Strange reappearance of Mykola Chaus and his 2-minute video claiming ‘to answer all the questions’ come a clear sign that some forces want to plant  a narrative that hardly has anything to do with own intents of the fugitive judge. The doctored video metadata revealed it was coming from the folder called “Goose” which exposes the intentions of real actors behind this show.

Looking back at his story will help to better understand what made the average Kyiv court judge such a notorious media personality in Ukraine and Moldova.

The Backstory 


Mykola Chaus was arrested by NABU investigators after taking a $150,000 bribe and stashing money in a glass jar in his backyard. The judge opted not to wait for a court ruling and fled the country. The  investigation found that fleeing Ukraine Chaus got assistance from his lawyer  Andriy Smirnov, and it was confirmed by  ruling no. 991/1532/20 of High Anticorruption court. Andriy Smirnov is currently a top official of Zelensky’s administration.


Andriy Smirnov’s involvement in Chaus escape was back into the spotlight.  In the leaked tapes of Roman Truba,   Smirnov is heard instructing the chief of State Investigation Bureau to ‘f*ck him (Chaus) right now’, which meant abuse  and grillings of the judge family and his new lawyer to “lure’ the fugitive  back to Ukraine.

In Truba recordings Smirnov is also heard claiming he was still in touch with Chaus with the latter obviously being not excited about that fact.

Mykola Chaus had no intent of going back and applied for political asylum in Moldova. Denied this status, he later filed an appeal to this ruling. With the decision on his appeal still pending – it was due somewhere around April 22-28,2021,  he could freely stay in Moldova. Yet, he failed to know the verdict.


On April 3, Iulian Balan, Mykola Chaus lawyer in Moldova,  made a video about his client disappearance, and later reported the accident to  the local police  claiming that such acts put to doubt Moldova’s powers to protect basic human rights.

Two days later, Moldova’s Interior Ministry held a press briefing and  reported  the details of Chaus kidnapping. The investigators detained one person in connection to the crime and traced the cars of the alleged abductors. They also obtained text messages of the latter.

According to Moldova’s police data, the judge was allegedly kidnapped by a group of men heard speaking in Ukrainian and Russian, who later were seen driving to the Ukrainian border and crossing it.

The scandal rocked Moldova. Maia Sandu, Moldova’s president, made an official statement deeming abduction of Chaus ‘an introlerable act’. Media  reports pointed to involvement of Ukrainian intelligence services in this crime.

According to Moldova media accounts, the judge was allegedly taken out of the country in the back of a Ukrainian diplomats’ car. Soon the photos of kidnapped Mykola Chaus emerged. In the photos, his face was visibly bruised.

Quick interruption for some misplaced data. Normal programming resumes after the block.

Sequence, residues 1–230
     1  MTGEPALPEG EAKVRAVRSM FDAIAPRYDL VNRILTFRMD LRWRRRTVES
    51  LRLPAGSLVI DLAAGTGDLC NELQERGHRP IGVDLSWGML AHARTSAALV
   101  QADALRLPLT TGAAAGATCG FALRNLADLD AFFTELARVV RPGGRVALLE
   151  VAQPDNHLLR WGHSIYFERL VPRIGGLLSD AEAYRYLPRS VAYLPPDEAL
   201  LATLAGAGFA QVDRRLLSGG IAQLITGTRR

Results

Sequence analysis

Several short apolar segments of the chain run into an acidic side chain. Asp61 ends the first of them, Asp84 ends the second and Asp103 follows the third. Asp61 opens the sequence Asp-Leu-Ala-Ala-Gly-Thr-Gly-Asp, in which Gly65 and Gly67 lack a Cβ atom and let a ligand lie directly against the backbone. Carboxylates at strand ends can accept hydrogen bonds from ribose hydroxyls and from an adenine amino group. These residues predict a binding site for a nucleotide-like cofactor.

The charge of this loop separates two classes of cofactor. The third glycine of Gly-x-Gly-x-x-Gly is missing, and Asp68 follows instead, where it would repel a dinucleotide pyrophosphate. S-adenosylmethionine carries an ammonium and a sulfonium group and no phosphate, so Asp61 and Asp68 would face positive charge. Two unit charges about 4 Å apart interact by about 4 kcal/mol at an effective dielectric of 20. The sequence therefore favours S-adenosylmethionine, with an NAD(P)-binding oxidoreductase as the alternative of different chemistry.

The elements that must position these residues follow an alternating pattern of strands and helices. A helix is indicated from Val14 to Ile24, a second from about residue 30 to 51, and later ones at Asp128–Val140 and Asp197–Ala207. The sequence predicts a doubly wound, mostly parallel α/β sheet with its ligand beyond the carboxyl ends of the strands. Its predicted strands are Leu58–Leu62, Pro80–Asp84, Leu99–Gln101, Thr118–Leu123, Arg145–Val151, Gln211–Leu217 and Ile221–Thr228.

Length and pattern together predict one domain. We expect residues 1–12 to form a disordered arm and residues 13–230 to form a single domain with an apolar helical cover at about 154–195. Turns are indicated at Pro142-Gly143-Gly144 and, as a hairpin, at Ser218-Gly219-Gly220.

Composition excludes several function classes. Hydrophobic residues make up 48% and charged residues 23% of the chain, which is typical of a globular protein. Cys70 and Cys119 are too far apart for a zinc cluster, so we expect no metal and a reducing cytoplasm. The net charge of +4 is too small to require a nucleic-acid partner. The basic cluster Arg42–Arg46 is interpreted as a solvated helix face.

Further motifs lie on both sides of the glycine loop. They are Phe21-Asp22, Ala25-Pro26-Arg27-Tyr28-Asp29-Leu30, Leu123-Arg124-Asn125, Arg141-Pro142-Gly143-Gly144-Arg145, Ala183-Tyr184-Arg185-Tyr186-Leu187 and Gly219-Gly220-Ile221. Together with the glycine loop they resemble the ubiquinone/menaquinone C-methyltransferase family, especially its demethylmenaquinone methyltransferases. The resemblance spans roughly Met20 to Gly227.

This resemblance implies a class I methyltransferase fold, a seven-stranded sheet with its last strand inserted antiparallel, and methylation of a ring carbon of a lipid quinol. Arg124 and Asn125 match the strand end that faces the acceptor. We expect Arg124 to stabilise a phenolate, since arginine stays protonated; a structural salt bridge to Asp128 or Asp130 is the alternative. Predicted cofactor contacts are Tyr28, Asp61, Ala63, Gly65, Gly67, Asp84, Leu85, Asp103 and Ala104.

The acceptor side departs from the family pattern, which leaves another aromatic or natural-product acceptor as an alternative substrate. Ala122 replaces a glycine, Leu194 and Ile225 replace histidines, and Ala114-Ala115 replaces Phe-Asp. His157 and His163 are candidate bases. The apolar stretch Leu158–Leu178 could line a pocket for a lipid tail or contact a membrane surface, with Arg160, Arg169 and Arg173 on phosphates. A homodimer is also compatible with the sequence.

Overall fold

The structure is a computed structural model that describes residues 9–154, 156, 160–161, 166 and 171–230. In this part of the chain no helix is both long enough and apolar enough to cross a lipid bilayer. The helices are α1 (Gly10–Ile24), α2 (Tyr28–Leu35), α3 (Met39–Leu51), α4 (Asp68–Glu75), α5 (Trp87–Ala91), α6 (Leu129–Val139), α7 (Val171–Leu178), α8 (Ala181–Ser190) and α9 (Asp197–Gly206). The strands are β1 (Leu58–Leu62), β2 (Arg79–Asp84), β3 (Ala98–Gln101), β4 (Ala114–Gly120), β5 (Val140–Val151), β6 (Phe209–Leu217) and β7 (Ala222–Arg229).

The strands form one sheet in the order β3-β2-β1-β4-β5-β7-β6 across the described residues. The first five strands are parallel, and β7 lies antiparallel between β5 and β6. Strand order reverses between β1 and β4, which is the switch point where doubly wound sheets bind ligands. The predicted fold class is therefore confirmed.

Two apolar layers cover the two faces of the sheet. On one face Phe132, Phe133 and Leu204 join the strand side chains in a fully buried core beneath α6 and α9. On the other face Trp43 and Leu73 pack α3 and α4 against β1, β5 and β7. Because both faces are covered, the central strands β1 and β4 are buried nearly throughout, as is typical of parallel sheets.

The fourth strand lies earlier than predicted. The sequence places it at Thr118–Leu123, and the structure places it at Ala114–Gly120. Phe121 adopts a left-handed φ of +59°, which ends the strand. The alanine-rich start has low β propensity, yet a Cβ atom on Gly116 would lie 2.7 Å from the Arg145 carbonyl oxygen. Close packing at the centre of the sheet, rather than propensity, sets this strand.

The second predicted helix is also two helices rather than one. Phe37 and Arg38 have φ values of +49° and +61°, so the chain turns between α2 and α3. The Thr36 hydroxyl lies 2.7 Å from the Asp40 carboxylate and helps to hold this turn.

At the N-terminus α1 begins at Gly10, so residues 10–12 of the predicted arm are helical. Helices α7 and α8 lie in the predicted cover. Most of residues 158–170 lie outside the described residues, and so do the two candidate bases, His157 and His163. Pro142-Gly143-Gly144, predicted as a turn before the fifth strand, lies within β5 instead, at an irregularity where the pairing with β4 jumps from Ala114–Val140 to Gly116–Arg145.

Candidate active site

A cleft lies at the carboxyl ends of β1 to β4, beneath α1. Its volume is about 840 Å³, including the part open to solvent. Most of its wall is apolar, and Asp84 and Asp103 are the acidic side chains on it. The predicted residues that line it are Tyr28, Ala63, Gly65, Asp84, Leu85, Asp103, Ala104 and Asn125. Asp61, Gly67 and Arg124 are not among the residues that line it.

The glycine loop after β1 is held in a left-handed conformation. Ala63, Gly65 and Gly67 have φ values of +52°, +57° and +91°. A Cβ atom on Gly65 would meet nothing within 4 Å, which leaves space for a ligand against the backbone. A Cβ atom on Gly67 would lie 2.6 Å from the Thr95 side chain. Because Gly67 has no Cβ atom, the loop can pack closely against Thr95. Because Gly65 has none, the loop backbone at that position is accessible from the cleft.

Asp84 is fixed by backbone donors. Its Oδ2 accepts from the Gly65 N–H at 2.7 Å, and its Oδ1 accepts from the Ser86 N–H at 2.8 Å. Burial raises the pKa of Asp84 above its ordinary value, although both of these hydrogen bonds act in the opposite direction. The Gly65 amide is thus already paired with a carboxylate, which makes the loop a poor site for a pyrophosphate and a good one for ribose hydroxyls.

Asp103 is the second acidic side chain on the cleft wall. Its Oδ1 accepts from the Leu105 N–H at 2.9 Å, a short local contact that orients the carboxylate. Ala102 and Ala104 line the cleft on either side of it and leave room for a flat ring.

On April 8, joint investigation of Moldova and Ukraine’s journalists revealed the evidence showing that the judge was kidnapped by Ukrainian nationals with the ties to Ukraine’s intelligence service. The journalists obtained the abductors’ photos and copies of their documents. The investigation claimed that Chaus kidnapping could be used for a smear campaign against Ukraine’s senior intelligence official Vasyl Burba who was at the time  facing scrutiny over his role in the failed Wagner mercenaries capture scheme.  Dmytro Kuleba, Ukraine’s Foreign Minister, denied involvement of official Kyiv in the kidnapping story. Overall, Ukrainian officials chose not to comment the scandal.

On April 9, Moldova’s parliament launched a probe in Chaus case –  a special commission was established to investigate possible involvement of Ukraine’s state officials in the judge kidnapping.

Moldova’ politicians pointed to the Ukrainian government involvement in Chaus abduction on claims that  it was used to hamper ‘Bellingcat’ investigation on infamous  Wagner mercenaries capture scheme.

‘Servant of the People’ MPs were, at the time, seen awkwardly dodging Chaus-related questions on TV talk shows.

Moldova’ president reportedly tried to call up Zelensky following the accident but her calls were never returned. Official Chisinau also demanded removal of diplomatic immunity for Ukraine’s military attaché who was reportedly involved in the illegal transportation of Chaus to Ukraine.

On April 22, Moldova and Ukraine’s media produced new evidence of Ukrainian intelligence operatives’ role in Chaus abduction. The journalists revealed the identities of Ukrainians who kidnapped the judge. They also obtained the tracking history of the rental cars they abductors used, which allowed to  reconstructed their movements in Chisinau prior to the kidnapping.

Media reports were providing  new mounting evidence of Ukrainian diplomats role. The military attaché of Ukrainian Embassy was reportedly seen driving the car that took Chaus over the border. Ukrainian officials disregarded the claims and refused to have the car searched.

The Moldova’s parliament came up with its own investigation confirming most of the media findings.

The story soon saw new developments in Ukraine. According to Ukrainian media accounts, Mykola Chaus was supposedly kept at the military facility in Khotyanivka, Kyiv region, and was set to be relocated to either Moldova or Crimea’s border to make the official narrative of his return to Ukraine more credible.

The Ukrainian officials have kept mum about Mykola Chaus and his whereabouts. The chief prosecutor Iryna Venediktova said she knew nothing about where he could be now, while Ukrainian diplomats in Chisinau kept ignoring meetings of Moldova’s parliamentary investigation commission.  Zelensky’s officials were said to be trying, this time unofficially, to reach out to Maia Sandu officals, snubbing  Moldova parliamentary investigation.

The pressure was mounting amid Moldova’s reports of another arrest in relation to Chaus kidnapping and allegations that Ukrainian state prosecutors were sabotaging the investigation.

May 16-17, 2021